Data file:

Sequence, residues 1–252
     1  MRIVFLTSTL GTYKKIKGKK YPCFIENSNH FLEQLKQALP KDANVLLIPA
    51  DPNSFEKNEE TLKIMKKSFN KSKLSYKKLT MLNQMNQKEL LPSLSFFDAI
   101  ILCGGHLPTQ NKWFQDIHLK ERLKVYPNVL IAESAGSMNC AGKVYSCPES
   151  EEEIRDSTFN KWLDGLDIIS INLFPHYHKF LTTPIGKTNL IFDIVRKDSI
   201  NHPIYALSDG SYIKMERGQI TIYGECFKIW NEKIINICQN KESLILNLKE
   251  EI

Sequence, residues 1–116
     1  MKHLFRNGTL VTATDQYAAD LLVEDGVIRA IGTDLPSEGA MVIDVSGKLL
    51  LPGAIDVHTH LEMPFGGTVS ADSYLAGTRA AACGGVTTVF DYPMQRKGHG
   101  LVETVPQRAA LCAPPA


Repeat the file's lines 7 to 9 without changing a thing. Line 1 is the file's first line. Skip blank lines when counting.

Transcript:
   251  EI

Sequence, residues 1–116
     1  MKHLFRNGTL VTATDQYAAD LLVEDGVIRA IGTDLPSEGA MVIDVSGKLL